(IEEE Spectrum) Construction of the 6,000-megawatt, US $5 billion Grand Ethiopian Renaissance Dam (GERD) began nearly six years ago and is now close to completion.
Sometime in 2017, the dam, which sits on the Blue Nile near the border of Ethiopia and Sudan, will begin producing electricity. Meanwhile, its vast 74 billion-cubic-meter reservoir will start to fill, a process expected to take anywhere from five to 15 years.
Ethiopia badly needs it. Only about a quarter of its citizens have access to electricity. The country’s installed capacity is a dismal 3,200 MW, and the annual per capita electricity consumption is among the lowest in the world—65 kilowatt-hours in 2013, far below even the average of 488 kWh for sub-Saharan African countries and the world average of 3,104 kWh. Without electricity, the vast majority of Ethiopians rely on burning wood, dung, and other forms of biomass, and so deforestation and soil erosion has accelerated.
Given the country’s natural resources, there is no need for this impoverishment. According to energy experts, Ethiopia has the second highest hydropower potential in Africa, with an estimated capacity of about 45,000 MW. The GERD, as well as the 1,870-MW Gilgel Gibe III Dam completed in 2015, will nearly quadruple Ethiopia’s electricity capacity. Excess electricity will be exported to other African countries and even to Europe and could eventually earn Ethiopia about $1 billion per year, which would make it the largest electricity exporter in Africa.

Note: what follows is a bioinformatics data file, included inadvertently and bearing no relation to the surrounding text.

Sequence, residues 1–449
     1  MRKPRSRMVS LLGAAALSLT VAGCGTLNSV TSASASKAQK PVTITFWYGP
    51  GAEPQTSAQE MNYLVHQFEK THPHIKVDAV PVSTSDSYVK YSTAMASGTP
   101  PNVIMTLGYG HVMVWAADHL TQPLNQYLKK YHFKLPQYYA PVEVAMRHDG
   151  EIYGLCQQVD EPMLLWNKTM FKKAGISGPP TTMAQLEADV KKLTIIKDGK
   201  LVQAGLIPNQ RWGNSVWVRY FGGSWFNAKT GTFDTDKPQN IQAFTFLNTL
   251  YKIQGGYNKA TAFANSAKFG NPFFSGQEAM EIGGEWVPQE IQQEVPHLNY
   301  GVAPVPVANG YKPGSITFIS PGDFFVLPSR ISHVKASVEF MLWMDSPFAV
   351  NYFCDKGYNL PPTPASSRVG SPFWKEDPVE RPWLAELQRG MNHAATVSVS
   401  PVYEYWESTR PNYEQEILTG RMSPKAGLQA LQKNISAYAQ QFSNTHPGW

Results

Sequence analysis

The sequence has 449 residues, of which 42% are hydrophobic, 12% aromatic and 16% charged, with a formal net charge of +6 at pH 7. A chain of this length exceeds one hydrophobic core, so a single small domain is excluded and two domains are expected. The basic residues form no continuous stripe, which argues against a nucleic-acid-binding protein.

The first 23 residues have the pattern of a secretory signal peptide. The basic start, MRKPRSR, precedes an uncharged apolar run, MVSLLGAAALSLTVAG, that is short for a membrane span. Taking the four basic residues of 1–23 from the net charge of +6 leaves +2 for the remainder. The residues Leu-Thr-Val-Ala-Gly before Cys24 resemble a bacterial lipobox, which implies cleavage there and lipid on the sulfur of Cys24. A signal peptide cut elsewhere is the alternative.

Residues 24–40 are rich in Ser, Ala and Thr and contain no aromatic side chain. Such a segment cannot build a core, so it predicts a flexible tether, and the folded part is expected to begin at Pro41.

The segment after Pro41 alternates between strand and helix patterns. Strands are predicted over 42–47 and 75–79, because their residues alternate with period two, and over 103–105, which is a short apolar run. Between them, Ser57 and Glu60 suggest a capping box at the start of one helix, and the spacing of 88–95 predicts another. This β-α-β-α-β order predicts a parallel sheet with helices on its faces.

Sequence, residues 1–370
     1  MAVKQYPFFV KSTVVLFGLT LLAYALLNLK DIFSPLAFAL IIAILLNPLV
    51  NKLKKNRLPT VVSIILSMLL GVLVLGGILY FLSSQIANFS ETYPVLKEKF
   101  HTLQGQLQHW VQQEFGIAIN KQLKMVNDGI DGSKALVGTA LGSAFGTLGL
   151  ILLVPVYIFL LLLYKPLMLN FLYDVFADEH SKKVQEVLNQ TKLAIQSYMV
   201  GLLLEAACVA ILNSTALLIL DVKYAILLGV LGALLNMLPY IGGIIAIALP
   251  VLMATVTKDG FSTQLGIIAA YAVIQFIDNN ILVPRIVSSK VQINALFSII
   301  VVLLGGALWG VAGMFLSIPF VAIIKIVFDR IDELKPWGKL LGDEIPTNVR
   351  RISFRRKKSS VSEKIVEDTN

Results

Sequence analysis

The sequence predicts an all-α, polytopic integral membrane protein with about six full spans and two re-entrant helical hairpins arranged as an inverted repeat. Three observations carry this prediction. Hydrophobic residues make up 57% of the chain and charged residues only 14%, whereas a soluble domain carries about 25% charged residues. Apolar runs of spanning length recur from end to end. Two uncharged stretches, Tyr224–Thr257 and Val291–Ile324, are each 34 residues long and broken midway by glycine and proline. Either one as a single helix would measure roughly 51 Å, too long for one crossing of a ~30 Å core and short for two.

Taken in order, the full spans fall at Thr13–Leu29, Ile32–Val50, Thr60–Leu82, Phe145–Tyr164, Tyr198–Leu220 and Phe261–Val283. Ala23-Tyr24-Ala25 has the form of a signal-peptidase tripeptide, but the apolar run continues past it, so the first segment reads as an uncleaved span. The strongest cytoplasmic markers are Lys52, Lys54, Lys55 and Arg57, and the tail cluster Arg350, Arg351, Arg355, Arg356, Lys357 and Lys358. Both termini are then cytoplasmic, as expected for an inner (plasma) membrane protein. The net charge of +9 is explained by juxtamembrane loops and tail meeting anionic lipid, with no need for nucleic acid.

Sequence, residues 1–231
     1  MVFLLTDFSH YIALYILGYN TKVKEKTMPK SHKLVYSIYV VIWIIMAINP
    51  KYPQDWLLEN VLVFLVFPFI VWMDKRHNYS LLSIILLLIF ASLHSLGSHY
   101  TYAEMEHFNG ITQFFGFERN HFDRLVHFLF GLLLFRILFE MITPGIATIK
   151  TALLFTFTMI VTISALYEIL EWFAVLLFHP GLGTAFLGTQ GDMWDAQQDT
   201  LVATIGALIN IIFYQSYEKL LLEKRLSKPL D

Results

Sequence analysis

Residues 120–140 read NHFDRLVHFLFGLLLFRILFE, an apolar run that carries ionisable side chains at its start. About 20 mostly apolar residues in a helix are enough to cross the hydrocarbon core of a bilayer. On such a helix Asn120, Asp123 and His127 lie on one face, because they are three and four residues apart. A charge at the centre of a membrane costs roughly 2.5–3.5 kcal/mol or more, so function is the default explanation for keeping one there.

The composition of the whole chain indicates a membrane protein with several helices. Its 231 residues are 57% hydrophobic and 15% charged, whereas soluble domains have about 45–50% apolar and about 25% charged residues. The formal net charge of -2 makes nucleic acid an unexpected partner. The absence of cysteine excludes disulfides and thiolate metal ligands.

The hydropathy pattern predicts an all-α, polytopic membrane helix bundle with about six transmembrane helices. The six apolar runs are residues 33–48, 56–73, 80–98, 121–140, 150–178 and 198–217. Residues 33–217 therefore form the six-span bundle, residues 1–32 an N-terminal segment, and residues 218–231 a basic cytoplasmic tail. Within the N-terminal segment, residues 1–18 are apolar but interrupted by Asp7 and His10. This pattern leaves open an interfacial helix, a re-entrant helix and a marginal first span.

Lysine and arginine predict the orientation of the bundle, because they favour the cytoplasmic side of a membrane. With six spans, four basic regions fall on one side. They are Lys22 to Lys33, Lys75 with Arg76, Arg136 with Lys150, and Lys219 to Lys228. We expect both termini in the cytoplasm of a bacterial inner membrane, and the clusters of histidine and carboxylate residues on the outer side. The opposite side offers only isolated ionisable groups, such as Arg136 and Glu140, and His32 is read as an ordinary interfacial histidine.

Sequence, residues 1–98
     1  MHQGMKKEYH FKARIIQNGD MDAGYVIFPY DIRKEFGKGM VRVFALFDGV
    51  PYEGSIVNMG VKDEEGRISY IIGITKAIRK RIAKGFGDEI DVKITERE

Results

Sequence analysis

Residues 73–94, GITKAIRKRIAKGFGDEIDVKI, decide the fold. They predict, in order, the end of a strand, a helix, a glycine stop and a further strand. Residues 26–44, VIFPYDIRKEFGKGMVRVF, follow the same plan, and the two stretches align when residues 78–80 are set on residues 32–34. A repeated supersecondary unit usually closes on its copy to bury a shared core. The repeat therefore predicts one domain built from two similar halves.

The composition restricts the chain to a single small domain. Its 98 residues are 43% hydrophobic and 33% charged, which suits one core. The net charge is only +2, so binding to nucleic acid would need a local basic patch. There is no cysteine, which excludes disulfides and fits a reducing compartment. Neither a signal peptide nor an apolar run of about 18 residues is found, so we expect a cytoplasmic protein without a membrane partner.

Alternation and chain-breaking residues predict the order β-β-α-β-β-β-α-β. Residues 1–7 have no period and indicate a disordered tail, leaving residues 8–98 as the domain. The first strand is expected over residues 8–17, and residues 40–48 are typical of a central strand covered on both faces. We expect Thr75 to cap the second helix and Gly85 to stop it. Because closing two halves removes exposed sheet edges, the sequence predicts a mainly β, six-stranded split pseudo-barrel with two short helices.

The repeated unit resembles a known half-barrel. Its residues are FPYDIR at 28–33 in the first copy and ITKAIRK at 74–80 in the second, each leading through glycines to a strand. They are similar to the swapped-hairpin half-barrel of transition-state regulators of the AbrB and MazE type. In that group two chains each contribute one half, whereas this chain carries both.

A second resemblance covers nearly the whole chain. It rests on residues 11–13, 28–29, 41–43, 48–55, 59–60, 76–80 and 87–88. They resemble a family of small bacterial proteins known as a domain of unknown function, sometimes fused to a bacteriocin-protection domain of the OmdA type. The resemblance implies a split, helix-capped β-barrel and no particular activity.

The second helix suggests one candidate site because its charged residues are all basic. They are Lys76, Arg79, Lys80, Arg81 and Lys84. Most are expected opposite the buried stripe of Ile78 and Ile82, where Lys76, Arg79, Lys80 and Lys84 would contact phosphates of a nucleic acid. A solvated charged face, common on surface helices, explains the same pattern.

Among the dam’s other expected benefits are a steadier flow of water through the dry season and less flooding in the rainy season. That regulating influence could be especially helpful as climate change makes East Africa’s rainfall more unpredictable.
Based on his calculations, 2,000 MW would have been a more reasonable rating for the dam. Back in the early 1960s, in fact, the U.S. Bureau of Reclamation had recommended building a “border dam” of about that size in the same location. But the border dam’s proposed reservoir was less than one-fifth of the GERD reservoir’s 74 billion cubic meters, and the dam itself was less than half as high as GERD’s 155 meters. Of course, building a large reservoir is one thing; filling it, and keeping it filled, is quite another. If the severe drought that devastated parts of Ethiopia in 2016 spreads to the region near the dam, the reservoir will fill very slowly indeed.
The proper sizing of the dam is more than just a numbers issue, Beyene adds. “Because the dam is oversized by 300 percent, the dam’s powerhouse as well as new transmission lines will also be oversized, which will greatly inflate construction costs.” He questions the fact that the prominent Italian company, Salini Impreglio, that is building the dam also did the feasibility study for the dam: “In the United States, that’s a no-no; it’s a clear conflict of interest.” Salini and the state utility, Ethiopian Electric Power, did not respond to several requests for interviews.
The price difference for the turbines alone could amount to $1 billion, Beyene estimates. That money could be better spent on other infrastructure, including facilities to exploit Ethiopia’s considerable wind, solar, and geothermal resources. But with construction of GERD nearly finished, there’s little chance of scaling back the project now. His hope is that any future projects on this scale will get more scrutiny. “Hopefully, the country will come together and things will change,” Beyene says.